THE LOGISTICS CHALLENGE TO THE BOTTOM LINE
Written on the 2 July 2015
ONE of the most common problems for SME's is getting the logistics right in the day-to-day running of their businesses to minimise time and maximise profits.
The biggest challenges are most often for companies involved in infrastructure and transport industries.
Collette Hayman is a director of Ani Trans Transport, a specialist in the delivery of a veritable menagerie of dogs, cats, birds, poultry and reptiles in specially fitted air-conditioned vans that service the east coast of Australia.
Catherine Ardi (pictured with husband Matt Brennan) is manager of Toowoomba company Excavation Equipment, an established machinery sales and hire specialist that provides heavy equipment for construction and quarry plant requirements. It also imports and export goods for trade as well as handles land and sea logistics.
Both companies were finalists in last year's Queensland Telstra Business Awards. While they operate in vastly different business sectors with significantly different client requirements, their management approaches and solutions align quite closely.
Good planning is regarded as one of the keys to managing a business's logistics. What are the three most important business factors to consider in any plan?
Hayman: Planning is the most important key to the success of Ani Trans Transport. Timing is one of these key elements, and not only time to plan but timing of the jobs. If the jobs are not carried out in a timely manner, then credibility and reliability is lost. The second key is control. A good plan will help you to control your business now and in the future. The third key is prioritise. A plan will help you to prioritise all the events in the company; prioritise them from most important to the least important.
Ardi: Communication with our team, our advisors and also other businesses out there. This is a key indicator to know what is happening on the ground and within our local and national economies.
Good logistics management should ensure costs are trimmed. What are effective ways to ensure a company keeps on track with its day-to-day operational expenses?
Hayman: The most effective way to keep costs trimmed is to keep track of all incoming and outgoing money. Keep your books up to date so that you are aware of your financial situation at all times.
Ardi: Monthly budgeting is our best way of understanding our costs and how we may need to adjust our spending to ensure our profit margin stays intact. A small investment in quality reporting software to monitor these tasks is another way to keep administration costs down too. It is about working smarter with what we have, not harder and more costly.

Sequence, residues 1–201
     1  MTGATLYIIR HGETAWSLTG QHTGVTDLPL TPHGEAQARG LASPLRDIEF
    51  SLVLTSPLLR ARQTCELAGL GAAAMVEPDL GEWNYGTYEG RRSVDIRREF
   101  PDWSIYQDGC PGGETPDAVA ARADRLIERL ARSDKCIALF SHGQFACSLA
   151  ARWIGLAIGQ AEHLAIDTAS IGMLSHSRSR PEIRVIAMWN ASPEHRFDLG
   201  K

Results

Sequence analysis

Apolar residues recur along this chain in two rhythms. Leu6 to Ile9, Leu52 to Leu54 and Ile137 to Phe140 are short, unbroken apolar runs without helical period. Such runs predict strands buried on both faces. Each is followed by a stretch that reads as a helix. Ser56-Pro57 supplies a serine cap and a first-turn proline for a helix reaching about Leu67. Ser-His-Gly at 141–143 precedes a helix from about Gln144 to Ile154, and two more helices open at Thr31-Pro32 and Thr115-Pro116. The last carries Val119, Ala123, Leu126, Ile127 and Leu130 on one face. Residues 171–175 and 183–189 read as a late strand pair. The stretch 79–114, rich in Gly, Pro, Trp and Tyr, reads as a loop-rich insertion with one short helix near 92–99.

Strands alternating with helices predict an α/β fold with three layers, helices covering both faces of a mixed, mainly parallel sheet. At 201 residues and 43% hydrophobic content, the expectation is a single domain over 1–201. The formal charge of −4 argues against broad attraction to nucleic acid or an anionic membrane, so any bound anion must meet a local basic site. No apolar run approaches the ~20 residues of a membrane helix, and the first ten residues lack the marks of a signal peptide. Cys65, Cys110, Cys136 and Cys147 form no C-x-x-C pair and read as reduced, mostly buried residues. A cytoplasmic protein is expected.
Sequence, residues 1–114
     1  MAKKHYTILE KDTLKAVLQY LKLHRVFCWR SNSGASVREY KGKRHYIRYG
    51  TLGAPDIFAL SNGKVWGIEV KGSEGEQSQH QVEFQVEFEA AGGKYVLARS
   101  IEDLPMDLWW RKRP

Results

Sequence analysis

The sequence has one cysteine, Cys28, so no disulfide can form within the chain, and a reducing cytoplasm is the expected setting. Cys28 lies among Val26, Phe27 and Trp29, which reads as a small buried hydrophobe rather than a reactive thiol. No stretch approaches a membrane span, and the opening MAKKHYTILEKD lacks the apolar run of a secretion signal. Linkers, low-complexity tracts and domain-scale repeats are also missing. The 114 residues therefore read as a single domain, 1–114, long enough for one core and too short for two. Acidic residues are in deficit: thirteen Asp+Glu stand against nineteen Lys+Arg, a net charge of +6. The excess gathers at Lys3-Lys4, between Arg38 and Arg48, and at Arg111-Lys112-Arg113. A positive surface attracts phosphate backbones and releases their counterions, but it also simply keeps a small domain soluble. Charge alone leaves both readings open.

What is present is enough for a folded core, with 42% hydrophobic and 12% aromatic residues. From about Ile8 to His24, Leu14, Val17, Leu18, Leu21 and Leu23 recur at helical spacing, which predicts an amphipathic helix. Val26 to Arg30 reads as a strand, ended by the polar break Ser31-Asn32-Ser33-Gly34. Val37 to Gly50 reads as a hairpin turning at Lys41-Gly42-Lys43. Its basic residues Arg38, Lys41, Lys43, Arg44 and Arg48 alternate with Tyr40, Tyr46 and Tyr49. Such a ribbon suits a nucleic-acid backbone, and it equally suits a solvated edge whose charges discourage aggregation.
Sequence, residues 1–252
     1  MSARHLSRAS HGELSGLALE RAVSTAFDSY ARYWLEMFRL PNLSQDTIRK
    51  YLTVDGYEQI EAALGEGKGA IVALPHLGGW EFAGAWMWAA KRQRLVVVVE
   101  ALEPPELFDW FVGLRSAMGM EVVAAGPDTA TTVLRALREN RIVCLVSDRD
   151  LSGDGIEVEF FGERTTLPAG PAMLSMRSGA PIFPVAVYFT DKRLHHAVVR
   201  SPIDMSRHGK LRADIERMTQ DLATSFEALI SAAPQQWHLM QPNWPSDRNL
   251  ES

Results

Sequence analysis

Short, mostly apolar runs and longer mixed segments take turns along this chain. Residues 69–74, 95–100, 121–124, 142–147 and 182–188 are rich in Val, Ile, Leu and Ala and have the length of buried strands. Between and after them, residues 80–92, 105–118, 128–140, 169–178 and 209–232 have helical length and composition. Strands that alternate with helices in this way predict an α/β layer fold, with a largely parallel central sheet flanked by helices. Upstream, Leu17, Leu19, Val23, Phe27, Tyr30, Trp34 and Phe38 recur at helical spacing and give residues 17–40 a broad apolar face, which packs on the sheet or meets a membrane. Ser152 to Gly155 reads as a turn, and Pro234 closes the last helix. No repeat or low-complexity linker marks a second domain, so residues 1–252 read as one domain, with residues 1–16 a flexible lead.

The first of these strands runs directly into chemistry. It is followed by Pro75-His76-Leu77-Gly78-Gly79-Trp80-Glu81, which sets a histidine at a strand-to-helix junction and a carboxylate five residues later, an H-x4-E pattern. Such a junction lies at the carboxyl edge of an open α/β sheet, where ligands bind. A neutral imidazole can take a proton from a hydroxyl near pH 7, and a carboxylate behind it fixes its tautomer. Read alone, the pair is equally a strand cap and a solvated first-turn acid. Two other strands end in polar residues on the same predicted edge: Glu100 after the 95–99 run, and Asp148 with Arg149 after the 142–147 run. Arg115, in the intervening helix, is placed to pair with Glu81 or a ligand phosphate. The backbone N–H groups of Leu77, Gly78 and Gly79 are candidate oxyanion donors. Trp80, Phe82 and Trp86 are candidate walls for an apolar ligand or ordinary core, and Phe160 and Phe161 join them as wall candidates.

What are the best ways to develop and maintain relationships with third party suppliers crucial to the day-to-day running of your business?
Hayman: The best way is to keep accounts paid and be a reliable return customer. They need you as much as you need them.
Ardi: It may sound old fashioned, however just open communication seems to be the key to any successful working relationship in our industry. If we are honest with our timeframes to our suppliers, nine times out to 10 they return the favour which means we have strong transparency of each other's business operations.
What is the single most important piece of advice you would give a company looking to make significant improvements in its logistics management?
Hayman: The best way for any company to make significant improvements is to plan, plan, plan. Obtain customer feedback and act on it and be seen to be acting on it. Customers like to know that the time they took to offer feedback is appreciated, so be visible when making improvements. Let it be seen.
Ardi: Look for ways to diversify your business as our local and international economic environment is consistently changing. Maintain a small but steady income source from one area of your business which can allow you to take well analysed risks elsewhere, which may boost your business expertise.
What are the main pitfalls and issues companies exporting or importing should be wary of and how best can they handle them?
Ardi: Costs and liability. We have a tendering policy when we engage external logistics companies to get every single dollar accounted for before we accept the offer in writing. Before we implemented this strategy, we found it difficult to keep third parties accountable. However this makes everyone work hard to ensure the costs stay the same to continue our working relationship. Insuring goods at sea is also paramount, as one shipment going missing at sea could make your business go under no pun intended as it's such a serious factor to consider.